The Hindu Lit for Life 2017

Kiran Doshi wins 'The Hindu Prize 2016'

Pulitzer Prize-winning author Geraldine Brooks (third from right) presents The Hindu Prize 2016 to Kiran Doshi at the Lit for Life. Director of Kasturi & Sons Ltd., Nirmala Lakshman, (extreme left) and other jury members are seen.   | Photo Credit: R. Ragu

Kiran Doshi, a retired diplomat and educationist from Gujarat, won The Hindu Prize 2016 on Sunday for his third major work of fiction, Jinnah Often Came to Our House, a book set against the political turmoil of the subcontinent from the early part of the 20th century, ending with the Partition and Independence.

Mr. Doshi was among the five authors shortlisted from nearly 60 entries for the seventh edition of the prize. The shortlisted works included Anil Menon’s Half Of What I Say, Hansda Sowvendra Shekhar’s The Adivasi Will Not Dance, Kunal Basu’s Kalkatta and Manjula Padmanabhan’s The Island of Lost Girls.

K. Satchidanandan, a member of the jury, pointed to the manner in which Jinnah Often Came to Our House, with its “unbiased wisdom, corrects all kinds of prejudices about political leaders and religious communities.”

The award —a citation and a cash prize of ₹5 lakh — was given away by Pulitzer Prize-winning author Geraldine Brooks at the ongoing The Hindu Lit for Life fest organised at Sir Mutha Venkatasubba Rao Concert Hall here.

Presenting the prize, Ms. Brooks said, “I think fiction is critical, and, particularly, when we are facing troubled contemporary times. I know it is important because I have seen how the despots and the jailers fear it. When I was working as a reporter on the West Bank, a young Palestinian boy stoned my car one day and I jumped out and interviewed him. He told me his story, and we became friends. And, when he was arrested and sent to jail, as was almost inevitable in the case of a youngster like him, I tried to send him some books because I knew he loved reading English. I chose [Ernest Hemingway’s] The Old Man and the Sea. The jailers would not allow him to have it. They did not want him to release himself into the freedom of ideas. The jailers and despots fear the power of words.”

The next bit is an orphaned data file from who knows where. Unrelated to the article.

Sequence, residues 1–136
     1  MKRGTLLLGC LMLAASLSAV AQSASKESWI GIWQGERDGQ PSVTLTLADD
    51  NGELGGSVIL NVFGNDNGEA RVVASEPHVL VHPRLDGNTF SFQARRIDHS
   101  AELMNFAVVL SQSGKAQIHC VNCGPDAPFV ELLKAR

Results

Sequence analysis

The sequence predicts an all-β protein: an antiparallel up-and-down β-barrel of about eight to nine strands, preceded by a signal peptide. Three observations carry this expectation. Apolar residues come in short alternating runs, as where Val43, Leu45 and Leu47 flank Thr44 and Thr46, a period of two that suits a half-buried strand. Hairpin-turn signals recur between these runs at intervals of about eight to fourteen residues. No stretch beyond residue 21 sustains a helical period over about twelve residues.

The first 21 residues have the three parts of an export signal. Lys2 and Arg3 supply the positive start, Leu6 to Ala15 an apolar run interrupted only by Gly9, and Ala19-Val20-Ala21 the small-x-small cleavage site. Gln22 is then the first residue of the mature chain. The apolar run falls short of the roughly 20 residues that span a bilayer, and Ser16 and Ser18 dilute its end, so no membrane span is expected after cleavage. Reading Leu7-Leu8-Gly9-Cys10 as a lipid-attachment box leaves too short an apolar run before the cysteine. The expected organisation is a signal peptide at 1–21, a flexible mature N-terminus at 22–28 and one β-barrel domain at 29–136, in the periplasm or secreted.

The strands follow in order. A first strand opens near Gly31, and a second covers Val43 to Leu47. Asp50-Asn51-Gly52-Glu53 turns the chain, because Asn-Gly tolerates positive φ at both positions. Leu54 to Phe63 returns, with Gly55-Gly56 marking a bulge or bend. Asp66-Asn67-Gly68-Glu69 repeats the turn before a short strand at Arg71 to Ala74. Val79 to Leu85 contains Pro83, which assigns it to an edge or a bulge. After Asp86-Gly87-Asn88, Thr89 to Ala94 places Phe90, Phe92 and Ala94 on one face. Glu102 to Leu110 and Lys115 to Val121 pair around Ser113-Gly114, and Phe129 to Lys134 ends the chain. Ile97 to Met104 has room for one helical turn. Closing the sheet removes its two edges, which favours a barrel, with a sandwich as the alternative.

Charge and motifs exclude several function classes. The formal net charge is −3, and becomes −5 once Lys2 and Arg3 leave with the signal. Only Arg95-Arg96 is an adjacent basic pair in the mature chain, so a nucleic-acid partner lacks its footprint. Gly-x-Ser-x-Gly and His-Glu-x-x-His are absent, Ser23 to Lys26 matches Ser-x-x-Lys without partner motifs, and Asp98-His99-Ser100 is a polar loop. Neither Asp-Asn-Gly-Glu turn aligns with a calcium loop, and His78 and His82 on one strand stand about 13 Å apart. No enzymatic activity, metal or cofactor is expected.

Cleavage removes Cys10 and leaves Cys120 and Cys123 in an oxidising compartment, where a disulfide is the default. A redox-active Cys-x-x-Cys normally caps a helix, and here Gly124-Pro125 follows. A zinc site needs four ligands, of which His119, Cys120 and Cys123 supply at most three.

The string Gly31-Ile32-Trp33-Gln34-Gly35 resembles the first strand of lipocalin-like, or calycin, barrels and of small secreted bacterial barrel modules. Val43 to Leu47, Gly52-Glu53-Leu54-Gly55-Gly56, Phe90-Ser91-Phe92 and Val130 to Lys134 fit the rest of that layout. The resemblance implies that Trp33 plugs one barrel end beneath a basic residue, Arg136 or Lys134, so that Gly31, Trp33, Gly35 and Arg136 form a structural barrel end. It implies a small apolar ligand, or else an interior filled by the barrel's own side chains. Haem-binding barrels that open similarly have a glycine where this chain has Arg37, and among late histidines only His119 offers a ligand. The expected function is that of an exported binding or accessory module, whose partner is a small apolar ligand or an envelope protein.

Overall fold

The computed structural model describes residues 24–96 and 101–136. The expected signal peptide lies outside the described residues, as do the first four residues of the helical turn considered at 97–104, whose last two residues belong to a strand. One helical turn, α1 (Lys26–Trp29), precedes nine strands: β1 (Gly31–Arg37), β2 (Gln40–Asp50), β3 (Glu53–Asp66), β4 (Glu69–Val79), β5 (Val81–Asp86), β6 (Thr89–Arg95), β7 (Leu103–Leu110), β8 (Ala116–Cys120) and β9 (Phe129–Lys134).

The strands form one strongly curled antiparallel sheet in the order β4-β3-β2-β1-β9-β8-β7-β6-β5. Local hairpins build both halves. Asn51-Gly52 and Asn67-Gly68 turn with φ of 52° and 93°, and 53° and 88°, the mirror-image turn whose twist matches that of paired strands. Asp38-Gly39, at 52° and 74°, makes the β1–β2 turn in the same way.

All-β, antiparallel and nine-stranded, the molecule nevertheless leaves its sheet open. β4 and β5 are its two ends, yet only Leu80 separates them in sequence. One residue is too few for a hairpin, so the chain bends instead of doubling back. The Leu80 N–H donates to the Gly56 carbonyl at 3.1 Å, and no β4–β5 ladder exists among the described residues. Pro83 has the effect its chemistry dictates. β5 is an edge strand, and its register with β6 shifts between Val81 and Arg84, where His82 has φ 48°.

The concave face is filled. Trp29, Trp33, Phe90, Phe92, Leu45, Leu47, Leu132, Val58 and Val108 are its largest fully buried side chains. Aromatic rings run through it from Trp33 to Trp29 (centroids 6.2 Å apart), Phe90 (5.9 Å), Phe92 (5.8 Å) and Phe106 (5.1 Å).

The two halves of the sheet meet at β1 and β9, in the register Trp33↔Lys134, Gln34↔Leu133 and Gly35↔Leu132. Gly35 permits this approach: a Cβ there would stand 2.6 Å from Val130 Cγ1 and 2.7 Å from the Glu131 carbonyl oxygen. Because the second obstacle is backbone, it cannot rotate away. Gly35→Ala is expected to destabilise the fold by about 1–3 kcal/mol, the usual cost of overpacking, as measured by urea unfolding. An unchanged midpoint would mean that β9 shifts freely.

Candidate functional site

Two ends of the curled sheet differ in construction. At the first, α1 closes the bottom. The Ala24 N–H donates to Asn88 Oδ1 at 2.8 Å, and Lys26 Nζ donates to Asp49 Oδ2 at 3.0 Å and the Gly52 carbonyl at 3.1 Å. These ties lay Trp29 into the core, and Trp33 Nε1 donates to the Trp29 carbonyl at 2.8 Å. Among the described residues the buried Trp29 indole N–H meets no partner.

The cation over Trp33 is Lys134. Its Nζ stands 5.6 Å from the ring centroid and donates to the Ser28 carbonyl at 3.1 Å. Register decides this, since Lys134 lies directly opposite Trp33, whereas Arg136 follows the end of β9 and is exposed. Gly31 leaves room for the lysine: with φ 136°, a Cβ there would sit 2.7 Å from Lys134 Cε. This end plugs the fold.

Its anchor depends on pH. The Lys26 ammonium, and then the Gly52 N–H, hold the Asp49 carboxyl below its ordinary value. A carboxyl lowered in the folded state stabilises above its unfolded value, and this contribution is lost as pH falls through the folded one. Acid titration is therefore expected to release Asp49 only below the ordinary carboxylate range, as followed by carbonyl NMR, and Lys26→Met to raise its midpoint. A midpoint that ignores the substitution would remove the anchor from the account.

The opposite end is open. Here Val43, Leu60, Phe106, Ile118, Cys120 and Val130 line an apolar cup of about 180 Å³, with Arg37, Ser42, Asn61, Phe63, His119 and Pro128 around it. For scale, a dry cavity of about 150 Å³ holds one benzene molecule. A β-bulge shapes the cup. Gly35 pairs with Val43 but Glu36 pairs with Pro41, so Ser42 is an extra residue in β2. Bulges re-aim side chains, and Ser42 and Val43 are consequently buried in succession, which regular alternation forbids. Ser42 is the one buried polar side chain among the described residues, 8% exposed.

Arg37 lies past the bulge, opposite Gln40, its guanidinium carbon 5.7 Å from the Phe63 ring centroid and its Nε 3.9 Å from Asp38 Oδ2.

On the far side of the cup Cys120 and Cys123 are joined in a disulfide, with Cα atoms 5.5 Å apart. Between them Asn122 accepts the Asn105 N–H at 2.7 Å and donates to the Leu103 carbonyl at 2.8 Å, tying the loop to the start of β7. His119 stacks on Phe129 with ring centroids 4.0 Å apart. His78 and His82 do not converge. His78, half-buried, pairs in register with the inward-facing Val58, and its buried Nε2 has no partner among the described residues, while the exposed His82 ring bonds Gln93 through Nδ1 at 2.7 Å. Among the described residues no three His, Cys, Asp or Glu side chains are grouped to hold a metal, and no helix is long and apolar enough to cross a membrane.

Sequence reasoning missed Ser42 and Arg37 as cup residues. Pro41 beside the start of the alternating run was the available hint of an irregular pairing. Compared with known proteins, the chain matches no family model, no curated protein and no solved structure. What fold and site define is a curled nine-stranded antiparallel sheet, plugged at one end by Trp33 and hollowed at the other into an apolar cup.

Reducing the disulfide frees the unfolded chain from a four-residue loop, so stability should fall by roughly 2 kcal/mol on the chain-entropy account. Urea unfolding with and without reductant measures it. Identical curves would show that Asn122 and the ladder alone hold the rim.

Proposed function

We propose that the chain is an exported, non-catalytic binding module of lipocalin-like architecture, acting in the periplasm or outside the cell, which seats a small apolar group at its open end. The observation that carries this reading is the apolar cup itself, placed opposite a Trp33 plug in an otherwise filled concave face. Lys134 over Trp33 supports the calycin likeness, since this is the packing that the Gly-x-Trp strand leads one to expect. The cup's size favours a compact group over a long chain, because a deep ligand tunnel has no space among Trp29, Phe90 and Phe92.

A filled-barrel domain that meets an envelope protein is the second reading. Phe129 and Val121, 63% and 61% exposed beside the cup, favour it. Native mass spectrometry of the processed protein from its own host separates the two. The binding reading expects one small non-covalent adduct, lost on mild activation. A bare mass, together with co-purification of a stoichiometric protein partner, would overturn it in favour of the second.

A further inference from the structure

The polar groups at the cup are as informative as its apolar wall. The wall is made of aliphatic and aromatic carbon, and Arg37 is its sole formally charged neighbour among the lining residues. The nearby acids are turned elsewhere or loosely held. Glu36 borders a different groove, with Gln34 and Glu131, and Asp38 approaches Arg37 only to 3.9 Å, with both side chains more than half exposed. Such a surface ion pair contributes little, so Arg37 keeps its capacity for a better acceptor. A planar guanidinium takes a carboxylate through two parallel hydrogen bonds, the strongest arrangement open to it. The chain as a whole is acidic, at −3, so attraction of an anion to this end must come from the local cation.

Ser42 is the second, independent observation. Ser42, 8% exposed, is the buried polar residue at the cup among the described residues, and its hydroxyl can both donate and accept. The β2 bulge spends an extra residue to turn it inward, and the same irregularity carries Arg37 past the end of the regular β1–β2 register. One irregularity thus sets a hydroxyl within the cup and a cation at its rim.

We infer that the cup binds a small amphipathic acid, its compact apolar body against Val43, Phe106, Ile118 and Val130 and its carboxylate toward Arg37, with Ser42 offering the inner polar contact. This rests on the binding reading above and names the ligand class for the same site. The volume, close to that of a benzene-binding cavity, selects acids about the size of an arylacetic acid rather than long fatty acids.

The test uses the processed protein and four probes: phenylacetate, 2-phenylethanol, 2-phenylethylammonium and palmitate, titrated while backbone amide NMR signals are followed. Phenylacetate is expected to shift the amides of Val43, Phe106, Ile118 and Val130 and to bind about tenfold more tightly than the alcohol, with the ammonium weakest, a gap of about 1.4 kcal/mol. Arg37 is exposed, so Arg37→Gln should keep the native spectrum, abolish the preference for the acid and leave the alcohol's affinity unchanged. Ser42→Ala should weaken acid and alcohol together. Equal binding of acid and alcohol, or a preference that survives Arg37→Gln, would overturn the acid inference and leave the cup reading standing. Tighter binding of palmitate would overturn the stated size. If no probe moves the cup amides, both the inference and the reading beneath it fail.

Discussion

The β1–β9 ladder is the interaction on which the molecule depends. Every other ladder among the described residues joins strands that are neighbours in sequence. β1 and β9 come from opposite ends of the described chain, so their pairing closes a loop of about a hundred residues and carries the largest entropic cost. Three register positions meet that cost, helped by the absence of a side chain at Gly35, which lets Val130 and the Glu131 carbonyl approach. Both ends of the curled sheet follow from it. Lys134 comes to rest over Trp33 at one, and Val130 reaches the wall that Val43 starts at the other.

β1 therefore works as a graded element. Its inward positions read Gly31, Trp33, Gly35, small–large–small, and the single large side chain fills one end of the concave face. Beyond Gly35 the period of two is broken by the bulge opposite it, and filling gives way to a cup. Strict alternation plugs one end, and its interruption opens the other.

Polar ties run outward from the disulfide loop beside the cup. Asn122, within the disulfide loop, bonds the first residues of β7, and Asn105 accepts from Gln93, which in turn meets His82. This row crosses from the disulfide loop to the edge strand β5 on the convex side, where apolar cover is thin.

Accepting the award, Mr. Doshi said his life in cities such as Chennai was “full of events” that triggered his ideas. He said 35 years of diplomacy and ten years of education after that shaped his ideas. Two great inspirations for his works were his life in Pakistan, where he was posted and the “dowry” he received when he married his wife, the writer said.

Earlier on Saturday, contemporary artist Gulamohammed Sheikh inaugurated The Hindu Lit for Life 2017.

“Civilised dialogue seems to have been affected seriously in the past few decades,” Mr. Sheikh said, adding that he was deeply impressed by the “dialogue that took place in a civilised manner” at the literary festival.

‘Head-on engagement’

The Hindu Lit for Life Director Nirmala Lakshman said, “Now, more than ever before, with the continuing assault on freedom of expression, the mushrooming of fundamentalist far-right politics across the globe reflected in the rhetoric of fear politics, social divisions and attack on the ‘other’ in many societies, liberal platforms like these and independent voices need to be strengthened and heard.”


“Lit for Life engages with these ideas head-on and I am sure the discussions over the next few days will prove to be stimulating,” she said.

“A festival that comes from The Hindu reflects the same values as that of the newspaper, and, so in our programming, we have attempted to be wide-ranging, inclusive and creative, bringing an arc of ideas and topics for the enjoyment of those who attend the festival,” said Dr. Lakshman.

Looking back on the country’s record in varied areas, Dr. Lakshman said. “Since its inception in 1878, The Hindu has consistently promoted the arts, literature and culture. All great newspapers thrive because of their constant engagement with the great questions of the day, whatever they may, and The Hindu has reflected this not just through the authenticity and credibility of the news and perspectives it produces every day in its columns and pages but also because of the space it allots to books, writing and literature, especially through its supplements.”

The Hindu Group MD and CEO Rajiv C. Lochan and Editor, The Hindu, Mukund Padmanabhan were among the participants.

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Printable version | Nov 25, 2020 7:07:33 AM |

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